Available ebook formats: epub mobi pdf rtf lrf pdb txt html
Jesse Carmichael (°1992) is an artist who works in a variety of media. By examining the ambiguity and origination via retakes and variations, Carmichael tries to increase the dynamic between audience and author by objectifying emotions and investigating the duality that develops through different interpretations.
His artworks never shows the complete structure. This results in the fact that the artist can easily imagine an own interpretation without being hindered by the historical reality. By manipulating the viewer to create confusion, he makes works that can be seen as self-portraits. Sometimes they appear idiosyncratic and quirky, at other times, they seem typical by-products of American superabundance and marketing.
His works demonstrate how life extends beyond its own subjective limits and often tells a story about the effects of global cultural interaction over the latter half of the twentieth century. It challenges the binaries we continually reconstruct between Self and Other, between our own ‘cannibal’ and ‘civilized’ selves. By demonstrating the omnipresent lingering of a ‘corporate world’, his works references post-colonial theory as well as the avant-garde or the post-modern and the left-wing democratic movement as a form of resistance against the logic of the capitalist market system.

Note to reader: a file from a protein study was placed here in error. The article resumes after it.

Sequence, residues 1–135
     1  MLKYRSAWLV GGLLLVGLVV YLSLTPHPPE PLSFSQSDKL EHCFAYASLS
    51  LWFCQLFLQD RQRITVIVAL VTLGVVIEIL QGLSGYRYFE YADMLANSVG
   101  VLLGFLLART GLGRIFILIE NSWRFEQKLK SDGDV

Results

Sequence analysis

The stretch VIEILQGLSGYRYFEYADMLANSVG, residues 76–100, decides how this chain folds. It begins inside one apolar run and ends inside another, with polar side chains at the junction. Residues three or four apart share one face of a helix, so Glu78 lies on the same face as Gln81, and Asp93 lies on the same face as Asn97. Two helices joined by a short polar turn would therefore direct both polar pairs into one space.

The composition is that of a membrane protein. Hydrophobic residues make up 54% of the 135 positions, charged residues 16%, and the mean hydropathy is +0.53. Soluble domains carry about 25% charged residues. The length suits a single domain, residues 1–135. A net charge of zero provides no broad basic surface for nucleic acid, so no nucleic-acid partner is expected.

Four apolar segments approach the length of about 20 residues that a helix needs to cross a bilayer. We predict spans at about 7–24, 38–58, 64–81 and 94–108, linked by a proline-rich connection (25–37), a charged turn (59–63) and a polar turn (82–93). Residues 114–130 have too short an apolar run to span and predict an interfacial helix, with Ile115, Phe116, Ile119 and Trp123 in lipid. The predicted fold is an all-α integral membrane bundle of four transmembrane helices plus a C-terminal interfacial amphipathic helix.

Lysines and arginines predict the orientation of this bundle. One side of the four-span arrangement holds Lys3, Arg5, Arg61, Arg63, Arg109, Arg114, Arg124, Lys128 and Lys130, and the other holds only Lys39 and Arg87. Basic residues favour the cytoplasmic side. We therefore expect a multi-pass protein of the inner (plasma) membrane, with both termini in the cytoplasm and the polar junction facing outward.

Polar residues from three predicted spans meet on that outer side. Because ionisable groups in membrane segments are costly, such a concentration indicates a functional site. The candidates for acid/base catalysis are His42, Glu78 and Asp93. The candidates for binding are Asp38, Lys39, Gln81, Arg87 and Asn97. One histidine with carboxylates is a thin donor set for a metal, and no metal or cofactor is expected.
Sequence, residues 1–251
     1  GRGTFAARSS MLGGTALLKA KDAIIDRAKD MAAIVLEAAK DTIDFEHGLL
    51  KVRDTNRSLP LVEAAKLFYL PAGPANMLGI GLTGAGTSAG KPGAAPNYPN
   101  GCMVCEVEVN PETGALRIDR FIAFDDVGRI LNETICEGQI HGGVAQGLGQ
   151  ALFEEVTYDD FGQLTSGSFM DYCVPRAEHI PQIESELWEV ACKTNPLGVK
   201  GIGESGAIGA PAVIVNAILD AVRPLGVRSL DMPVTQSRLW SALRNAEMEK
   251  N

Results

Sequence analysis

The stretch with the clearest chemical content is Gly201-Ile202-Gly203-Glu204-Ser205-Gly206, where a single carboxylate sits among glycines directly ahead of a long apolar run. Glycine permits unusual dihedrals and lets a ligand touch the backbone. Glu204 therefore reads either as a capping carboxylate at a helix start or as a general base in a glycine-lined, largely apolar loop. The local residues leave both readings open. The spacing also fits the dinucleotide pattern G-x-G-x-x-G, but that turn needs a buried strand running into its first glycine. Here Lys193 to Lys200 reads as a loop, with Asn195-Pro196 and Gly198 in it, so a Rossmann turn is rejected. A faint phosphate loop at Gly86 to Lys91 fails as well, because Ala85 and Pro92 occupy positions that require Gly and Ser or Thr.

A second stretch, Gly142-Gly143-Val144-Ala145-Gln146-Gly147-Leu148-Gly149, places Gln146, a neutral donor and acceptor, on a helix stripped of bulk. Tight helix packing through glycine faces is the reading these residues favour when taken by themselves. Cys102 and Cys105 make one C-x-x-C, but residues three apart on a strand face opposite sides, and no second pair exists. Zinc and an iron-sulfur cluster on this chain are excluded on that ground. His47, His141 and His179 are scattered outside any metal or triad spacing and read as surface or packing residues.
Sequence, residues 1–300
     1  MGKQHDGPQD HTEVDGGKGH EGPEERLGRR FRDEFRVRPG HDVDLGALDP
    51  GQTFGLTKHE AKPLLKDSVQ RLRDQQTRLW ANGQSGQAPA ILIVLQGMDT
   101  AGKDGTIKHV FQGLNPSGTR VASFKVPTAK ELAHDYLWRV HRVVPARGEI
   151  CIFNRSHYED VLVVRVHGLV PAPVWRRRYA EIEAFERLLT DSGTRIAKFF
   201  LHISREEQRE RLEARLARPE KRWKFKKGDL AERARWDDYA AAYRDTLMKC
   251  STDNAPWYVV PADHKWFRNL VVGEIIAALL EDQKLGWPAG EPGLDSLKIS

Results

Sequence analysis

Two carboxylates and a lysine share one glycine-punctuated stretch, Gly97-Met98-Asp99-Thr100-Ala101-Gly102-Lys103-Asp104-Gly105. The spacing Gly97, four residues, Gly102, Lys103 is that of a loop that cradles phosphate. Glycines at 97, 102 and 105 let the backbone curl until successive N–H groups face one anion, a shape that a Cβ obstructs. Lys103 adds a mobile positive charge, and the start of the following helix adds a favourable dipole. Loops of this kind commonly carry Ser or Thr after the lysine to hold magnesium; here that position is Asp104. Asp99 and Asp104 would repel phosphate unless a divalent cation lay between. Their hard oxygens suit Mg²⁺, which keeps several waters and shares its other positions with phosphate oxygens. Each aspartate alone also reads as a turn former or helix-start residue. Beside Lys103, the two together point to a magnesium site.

His works are saturated with obviousness, mental inertia, clichés and bad jokes. They question the coerciveness that is derived from the more profound meaning and the superficial aesthetic appearance of an image. By parodying mass media by exaggerating certain formal aspects inherent to our contemporary society, he often creates several practically identical works, upon which thoughts that have apparently just been developed are manifested: notes are made and then crossed out again, ‘mistakes’ are repeated.
His works are an investigation into representations of (seemingly) concrete ages and situations as well as depictions and ideas that can only be realized in art. With Plato’s allegory of the cave in mind, he makes work that deals with the documentation of events and the question of how they can be presented. The work tries to express this with the help of physics and technology, but not by telling a story or creating a metaphor.
His works are on the one hand touchingly beautiful, on the other hand painfully attractive. Again and again, the artist leaves us orphaned with a mix of conflicting feelings and thoughts.